Several different aerial rescue scenarios were simulated at 3 different tree climbing stations at Downey’s Norcross facility. The training staff wanted to bring home the fact that there are numerous situations which might necessitate an aerial rescue. In the first scenario, the climber uses tree climbing spikes in a Two-Spar Rescue to bring down an arborist knocked unconscious by a falling limb. In this instance the “injured climber” is actually another man that the rescuer must bring down out of the tree. That climber is also wearing spikes which, among other things, could stab the rescuer should they come loose while he is in the process of climbing past them. Once successfully past the injured climber, the rescuer must then establish a safe system to facilitate lowering of both climbers in a controlled fashion, most often by securing the injured climber the rescuer.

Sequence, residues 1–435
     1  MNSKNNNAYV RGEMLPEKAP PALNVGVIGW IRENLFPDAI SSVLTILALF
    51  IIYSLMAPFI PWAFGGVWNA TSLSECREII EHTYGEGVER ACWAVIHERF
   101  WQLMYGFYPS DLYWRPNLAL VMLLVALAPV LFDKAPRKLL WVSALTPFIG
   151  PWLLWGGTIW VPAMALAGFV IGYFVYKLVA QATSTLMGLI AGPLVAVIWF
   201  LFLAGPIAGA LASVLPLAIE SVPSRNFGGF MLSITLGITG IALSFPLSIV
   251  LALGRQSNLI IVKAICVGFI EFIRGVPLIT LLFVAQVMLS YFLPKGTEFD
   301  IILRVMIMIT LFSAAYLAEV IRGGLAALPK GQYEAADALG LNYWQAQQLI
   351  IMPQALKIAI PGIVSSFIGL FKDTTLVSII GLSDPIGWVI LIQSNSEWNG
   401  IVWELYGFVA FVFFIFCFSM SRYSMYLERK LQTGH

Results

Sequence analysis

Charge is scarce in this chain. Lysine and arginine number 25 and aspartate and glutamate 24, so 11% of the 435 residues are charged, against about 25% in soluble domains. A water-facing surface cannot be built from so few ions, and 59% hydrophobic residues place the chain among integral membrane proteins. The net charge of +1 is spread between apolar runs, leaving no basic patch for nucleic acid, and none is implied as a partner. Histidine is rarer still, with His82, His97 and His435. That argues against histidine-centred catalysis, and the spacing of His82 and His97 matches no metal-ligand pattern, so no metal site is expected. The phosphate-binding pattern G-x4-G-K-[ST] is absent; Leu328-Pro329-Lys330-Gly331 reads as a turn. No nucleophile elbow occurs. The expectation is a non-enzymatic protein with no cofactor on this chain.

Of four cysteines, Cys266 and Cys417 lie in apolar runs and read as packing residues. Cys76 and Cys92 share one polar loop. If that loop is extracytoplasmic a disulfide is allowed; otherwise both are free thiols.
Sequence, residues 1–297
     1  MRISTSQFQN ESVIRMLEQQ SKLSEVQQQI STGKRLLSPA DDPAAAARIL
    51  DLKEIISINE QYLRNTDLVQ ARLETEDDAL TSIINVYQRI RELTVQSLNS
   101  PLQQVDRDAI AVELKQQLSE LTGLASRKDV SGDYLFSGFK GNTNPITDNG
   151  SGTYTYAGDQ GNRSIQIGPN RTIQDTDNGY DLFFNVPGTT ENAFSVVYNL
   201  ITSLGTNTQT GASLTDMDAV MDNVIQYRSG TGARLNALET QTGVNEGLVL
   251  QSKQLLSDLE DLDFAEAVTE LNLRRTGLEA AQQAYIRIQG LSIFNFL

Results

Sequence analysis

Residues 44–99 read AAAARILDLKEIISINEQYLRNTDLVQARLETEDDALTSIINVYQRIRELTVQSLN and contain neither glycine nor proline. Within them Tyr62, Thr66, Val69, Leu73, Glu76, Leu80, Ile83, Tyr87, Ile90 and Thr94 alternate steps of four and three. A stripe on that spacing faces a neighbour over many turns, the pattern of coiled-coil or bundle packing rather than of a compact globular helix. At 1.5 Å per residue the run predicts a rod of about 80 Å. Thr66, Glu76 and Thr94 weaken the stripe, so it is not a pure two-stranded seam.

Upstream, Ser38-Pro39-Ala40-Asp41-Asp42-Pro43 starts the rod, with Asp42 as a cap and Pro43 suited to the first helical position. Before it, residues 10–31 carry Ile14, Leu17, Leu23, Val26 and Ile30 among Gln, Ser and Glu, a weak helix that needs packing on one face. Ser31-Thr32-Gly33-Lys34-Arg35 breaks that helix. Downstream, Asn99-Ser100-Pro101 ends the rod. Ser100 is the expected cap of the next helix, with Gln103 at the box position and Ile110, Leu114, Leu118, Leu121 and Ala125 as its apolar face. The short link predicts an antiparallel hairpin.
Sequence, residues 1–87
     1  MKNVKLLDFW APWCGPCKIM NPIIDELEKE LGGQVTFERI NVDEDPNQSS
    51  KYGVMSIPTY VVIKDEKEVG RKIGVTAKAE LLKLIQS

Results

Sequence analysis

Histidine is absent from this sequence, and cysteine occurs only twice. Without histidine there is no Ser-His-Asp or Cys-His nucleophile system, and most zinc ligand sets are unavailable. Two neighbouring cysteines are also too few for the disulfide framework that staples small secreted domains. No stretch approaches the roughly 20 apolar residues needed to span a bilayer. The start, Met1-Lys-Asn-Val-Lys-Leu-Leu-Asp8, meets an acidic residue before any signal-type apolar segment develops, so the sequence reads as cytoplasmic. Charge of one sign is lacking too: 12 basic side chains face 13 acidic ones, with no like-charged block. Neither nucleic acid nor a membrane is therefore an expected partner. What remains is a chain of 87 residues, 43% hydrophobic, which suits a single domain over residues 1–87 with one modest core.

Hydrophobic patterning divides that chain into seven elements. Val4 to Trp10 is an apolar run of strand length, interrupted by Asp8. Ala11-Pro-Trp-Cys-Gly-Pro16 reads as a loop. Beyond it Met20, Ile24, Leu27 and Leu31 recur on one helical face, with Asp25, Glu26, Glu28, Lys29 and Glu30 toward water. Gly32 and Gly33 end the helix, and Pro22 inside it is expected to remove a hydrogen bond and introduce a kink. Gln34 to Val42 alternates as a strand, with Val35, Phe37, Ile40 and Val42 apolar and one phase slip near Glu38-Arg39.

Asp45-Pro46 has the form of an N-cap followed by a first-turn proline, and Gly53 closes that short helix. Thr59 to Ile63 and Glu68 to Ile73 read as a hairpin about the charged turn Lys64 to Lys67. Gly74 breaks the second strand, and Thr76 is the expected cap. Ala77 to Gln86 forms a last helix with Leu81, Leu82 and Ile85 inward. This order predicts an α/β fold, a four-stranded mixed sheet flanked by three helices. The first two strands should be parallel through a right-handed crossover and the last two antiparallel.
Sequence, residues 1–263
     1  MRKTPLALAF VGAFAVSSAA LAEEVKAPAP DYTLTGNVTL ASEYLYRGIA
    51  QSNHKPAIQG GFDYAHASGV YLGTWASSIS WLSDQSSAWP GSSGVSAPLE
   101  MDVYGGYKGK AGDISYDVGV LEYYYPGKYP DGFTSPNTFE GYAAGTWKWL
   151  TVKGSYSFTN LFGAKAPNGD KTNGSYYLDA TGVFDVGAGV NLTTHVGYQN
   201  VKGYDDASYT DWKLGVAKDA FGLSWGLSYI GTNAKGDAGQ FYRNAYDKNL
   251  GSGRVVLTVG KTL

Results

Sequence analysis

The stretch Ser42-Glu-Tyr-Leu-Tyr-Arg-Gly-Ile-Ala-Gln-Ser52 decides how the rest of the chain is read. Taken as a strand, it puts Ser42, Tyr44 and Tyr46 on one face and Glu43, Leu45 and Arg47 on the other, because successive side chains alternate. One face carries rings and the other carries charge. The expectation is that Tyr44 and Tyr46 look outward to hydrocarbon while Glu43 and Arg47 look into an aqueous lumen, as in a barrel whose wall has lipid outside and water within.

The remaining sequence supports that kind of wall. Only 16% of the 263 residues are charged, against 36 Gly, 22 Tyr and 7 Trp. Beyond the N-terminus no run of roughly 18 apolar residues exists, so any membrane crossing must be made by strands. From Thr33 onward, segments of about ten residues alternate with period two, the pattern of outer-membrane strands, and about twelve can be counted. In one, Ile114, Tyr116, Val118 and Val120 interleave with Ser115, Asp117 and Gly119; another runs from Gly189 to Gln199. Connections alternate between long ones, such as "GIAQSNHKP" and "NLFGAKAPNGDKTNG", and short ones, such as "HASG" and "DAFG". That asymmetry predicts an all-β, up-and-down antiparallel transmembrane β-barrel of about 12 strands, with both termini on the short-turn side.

The second scenario necessitated a High-Angle Aerial Rescue, where a climber without spikes becomes incapacitated while working aloft. They may have been injured by a chain saw, developed heat stroke and become unconscious, or even become paralyzed by fear. The latter malady might seem far-fetched when referring to a group of people who have chosen to climb trees for a living, but it is actually quite common. For this practice rescue, the climber works with and lowers a 180-pound dummy instead of a real-life colleague, but the challenge of doing so is no less imposing. The procedures are similar to the first scenario, with a few subtle differences that require thought, clear decision-making, and practice to insure safety and control throughout the exercise. Even without the threat of spikes, the high angle rescue is difficult, and command of the skills required is important.